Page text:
The good behavior credit of 5 days credit for every 4 served is also required provided the prisoner has obeyed the rules and regulations of the county jail in a satisfactory manner.

There is no indication in the handbook or statutes that these are alternate credits and the Sheriff has no discretion to deny the credits other than on the grounds that the prisoner is not qualified to receive them under the terms of the statute.

To file a federal habeas corpus petition, the prisoner must first exhaust all available administrative and state court remedies. A prison or prison system's regulations define the steps a prisoner must take to properly exhaust administrative remedies and a prisoner may only exhaust by following all of the steps laid out therein. Generally, there is an opportunity to appeal to the court. If not, and the person becomes illegally detained - meaning the sentence has gone on longer than it should under the proper calculations - he could file a motion for state habeas corpus relief in the District Court of the county where petitioner is restrained. See Rule 10.6 Rules of Court of Criminal Appeals

It is unlikely he could file a civil lawsuit to recover damages based on the negligent calculation of the credits, as government officials would receive qualified immunity for such actions done while in the performance of their duties.

Please feel free to ask any follow-up questions.
Hello again. Just wanted to add to my last answer that in the particular scenario where earned credits have not been properly awarded that a Writ of Mandamus filed with the state District Court may be more appropriate than habeas corpus relief. See Canady v. Reynolds, available here,37

Customer: replied 4 years ago.

Thanks for the link to county sheriff handbook. That says exactly what the attorney generals opinion says. So there is no way they can deny that the defendant has the 5 for 4 days for good behavior coming if brought to their attention. So in the grievance would it be best to use both of the authorities, ie the attorney general opinion and the county sheriff handbook or would the handbook reference be sufficient?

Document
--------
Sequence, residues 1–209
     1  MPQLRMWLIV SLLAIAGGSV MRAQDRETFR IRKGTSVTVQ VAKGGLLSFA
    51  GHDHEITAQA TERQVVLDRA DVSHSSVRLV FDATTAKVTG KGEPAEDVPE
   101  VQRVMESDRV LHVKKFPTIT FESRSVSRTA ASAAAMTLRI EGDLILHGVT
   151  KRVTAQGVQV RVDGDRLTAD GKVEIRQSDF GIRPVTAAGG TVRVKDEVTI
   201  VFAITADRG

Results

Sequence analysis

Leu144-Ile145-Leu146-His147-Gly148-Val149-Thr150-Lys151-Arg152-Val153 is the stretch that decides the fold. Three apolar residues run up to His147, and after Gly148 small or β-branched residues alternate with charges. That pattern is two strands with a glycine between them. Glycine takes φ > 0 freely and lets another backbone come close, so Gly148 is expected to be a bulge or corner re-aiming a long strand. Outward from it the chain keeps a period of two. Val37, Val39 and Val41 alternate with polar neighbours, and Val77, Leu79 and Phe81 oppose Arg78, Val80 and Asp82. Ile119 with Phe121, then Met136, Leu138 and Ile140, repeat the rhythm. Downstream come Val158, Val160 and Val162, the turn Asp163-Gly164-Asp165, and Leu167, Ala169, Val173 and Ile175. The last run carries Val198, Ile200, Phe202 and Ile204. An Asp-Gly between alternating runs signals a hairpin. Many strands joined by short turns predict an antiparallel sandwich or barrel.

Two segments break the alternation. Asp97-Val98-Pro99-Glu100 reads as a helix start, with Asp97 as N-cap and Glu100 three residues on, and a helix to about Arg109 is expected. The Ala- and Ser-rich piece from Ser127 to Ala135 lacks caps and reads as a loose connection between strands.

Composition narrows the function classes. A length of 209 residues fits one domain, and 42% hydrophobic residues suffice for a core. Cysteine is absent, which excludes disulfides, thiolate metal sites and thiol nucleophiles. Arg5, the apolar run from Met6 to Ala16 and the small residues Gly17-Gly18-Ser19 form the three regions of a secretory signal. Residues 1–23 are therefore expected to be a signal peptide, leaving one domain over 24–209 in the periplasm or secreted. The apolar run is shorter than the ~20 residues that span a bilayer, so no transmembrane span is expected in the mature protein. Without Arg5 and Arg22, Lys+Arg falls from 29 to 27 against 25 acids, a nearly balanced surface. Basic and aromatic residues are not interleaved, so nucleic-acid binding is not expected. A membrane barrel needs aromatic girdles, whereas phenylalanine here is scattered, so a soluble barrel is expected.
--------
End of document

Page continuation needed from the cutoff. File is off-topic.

Would it also be possible to file a complaint with the attorney general since they would be directly violating that office's official opinion? Although not a criminal offense (I don't think) but the sheriff would still be violating the law.


Another question: Is there any way a judge can say that a inmate cannot earn any credits?

You can rely on the County Sheriff Handbook, the statutes on which the handbook is based and the Attorney General Opinion. The statutes would carry the most weight as they are primary directives. The Handbook is useful because it is recent and indicates the official interpretation of the statutes that are used consistently throughout the counties, as is the Attorney General advisory opinion, so that all similarly situated prisoners are given the same credits.

You can report the apparent violation of the failure or refusal to grant earned credits to the Attorney General.

No, a judge cannot say that an inmate cannot earn any credits. Prison officials have a duty to administer earned credits as directed by the Legislature. The court does not get involved in earned credits other than to determine whether prison officials are properly following the law, after the exhaustion of available administrative remedies.

Let me know if you need any further information.